Chapter 8: Supplemental Habits for a Long and Healthy Life


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The right combination of supplements at the right time – without going to extremes – can help support your dog’s natural biology to address any gaps in their diet and other lifestyle factors, age, or genetics. But not all dogs need supplements all the time.

Core basics (see chapter details for dosing and delivery) to consider for your dog: 

Resveratrol (knotweed)

Curcumin (especially if your dog won’t eat turmeric)

Probiotics (especially if your dog won’t eat fermented veggies)

Essential fatty acids (EPA + DHA), if your dog doesn’t consume fatty fish two to three times a week)


Nicotinamide riboside (NR) or nicotinamide mononucleotide (NMN)

Lion’s mane mushroom (for dogs over seven)

Glutathione (if your dog won’t eat mushrooms)

Curated Support

For dogs exposed to a lot of chemicals (e.g., lawn care products, household cleaning agents), add SAMe (also see box on page 261).

For dogs given heartworm, flea, and tick medications, add milk thistle.

For dogs who need extra joint support, add perna mussels.

For dogs who need extra support for stress and anxiety, add L-theanine, ashwagandha, bacopa monnieri, and rhodiola rosea.

For dogs spayed or neutered before puberty, add lignans.

For dogs fed more than 50 percent processed food, add carnosine and chlorella.

For dogs with chronic infections, add olive leaf extract when infections flare.

For senior dogs, add ubiquinol

“But not all dogs need supplements all the time.” True Supplements like Resveratrol, NR, SAMw, Milk Thistle, Ashwagandha, Rhodiola Rosea, etc. introduce so many more questions for owners. Amongst these are: quality, traceability, and even testing of the presence of active ingredients. These have proven real issues for humans trying to find supplements to take. Companies love the chance to slap a pet on their package and charge unknowing consumers more. The sentence I copied that “Not all dogs need supplements all the time”, is to highlight that as an owner assessing the effectiveness of a product on yourself can be next to impossible. Adding all the other challenges I listed in addition to not being able to get real verbal feedback from your pet as to if they feel these things are making a difference means that it’s all left up to speculation. This opens consumers up to hokey BS marketing and unsubstantiated health claims. We really pride ourselves on providing science on our PRODUCTS to back up the claims. We don’t want to add another product to the market just to do it, we want all our products to add value to the space.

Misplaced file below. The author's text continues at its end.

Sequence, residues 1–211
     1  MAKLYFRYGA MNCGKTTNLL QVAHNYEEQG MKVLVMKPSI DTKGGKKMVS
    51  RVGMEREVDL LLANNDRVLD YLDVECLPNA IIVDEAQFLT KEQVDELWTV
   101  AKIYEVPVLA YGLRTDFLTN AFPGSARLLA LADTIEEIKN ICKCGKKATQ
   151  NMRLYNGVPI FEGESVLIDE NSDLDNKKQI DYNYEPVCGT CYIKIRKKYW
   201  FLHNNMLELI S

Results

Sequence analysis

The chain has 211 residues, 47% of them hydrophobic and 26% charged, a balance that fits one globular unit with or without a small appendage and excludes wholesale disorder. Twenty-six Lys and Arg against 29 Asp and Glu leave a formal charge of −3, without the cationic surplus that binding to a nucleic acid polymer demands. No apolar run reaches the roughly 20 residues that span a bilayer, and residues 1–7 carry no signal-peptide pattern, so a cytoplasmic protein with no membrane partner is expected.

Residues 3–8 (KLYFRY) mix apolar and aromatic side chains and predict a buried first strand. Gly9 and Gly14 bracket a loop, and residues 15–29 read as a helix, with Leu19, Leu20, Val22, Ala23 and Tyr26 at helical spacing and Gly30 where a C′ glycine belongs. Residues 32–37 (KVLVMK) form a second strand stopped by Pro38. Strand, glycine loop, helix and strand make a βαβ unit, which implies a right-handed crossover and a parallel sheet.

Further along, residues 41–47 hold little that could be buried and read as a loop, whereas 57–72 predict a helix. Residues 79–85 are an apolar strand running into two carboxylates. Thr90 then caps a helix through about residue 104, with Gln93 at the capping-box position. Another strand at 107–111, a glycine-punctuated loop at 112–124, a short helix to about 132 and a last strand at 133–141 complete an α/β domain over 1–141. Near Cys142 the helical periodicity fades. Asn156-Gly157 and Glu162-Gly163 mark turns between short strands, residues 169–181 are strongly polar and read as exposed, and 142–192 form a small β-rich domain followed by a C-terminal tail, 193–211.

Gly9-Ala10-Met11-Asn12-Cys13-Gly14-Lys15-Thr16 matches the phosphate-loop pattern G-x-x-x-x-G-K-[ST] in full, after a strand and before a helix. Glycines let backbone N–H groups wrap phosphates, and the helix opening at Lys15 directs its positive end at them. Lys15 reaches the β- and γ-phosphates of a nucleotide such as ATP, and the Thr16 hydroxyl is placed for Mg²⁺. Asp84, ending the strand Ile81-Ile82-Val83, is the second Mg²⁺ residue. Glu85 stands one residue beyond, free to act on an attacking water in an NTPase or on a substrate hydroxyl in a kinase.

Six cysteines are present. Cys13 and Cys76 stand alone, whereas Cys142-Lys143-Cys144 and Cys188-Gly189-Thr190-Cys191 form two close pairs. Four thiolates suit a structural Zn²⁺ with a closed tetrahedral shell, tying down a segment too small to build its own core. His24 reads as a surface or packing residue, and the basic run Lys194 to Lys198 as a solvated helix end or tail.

You as an owner have the challenge of knowing when a company is using science to make far-reaching claims, or if they are experts who are qualified to actually assess and make these claims. Being that there is so little data on things like NR and Resveratrol Them being promoted by this book is a bit shocking. The opportunities these things can offer are almost net 0 when you are eating a healthy diet low in processed food, sugar, or high fructose corn syrup, maintaining an optimal BMI, and getting regular exercise in every study for humans I have ever seen. They mimic the anti-aging effects of exercise without providing the health span effect of actual exercise. This means that they do the opposite of what this book says because they do not promote health span the promote unhealthy life span.

Perhaps the argument is that because so many dogs are overweight and eating a high processed kibble diet these things should have great priority, but here’s the thing: where is the study proving the benefit for pets? It doesn’t exist. Making meaningful improvements to diet, managing healthy body weight, and providing daily exercise will be the biggest thing any owner can do for their pets, if you feel like you have maximized these opportunities, or you are dealing with a specific issue you believe a supplement could help then go for trying it. Owners need to know why they are using any supplement and they should hold those companies selling them accountable to prove their products safe and effective in the pets.

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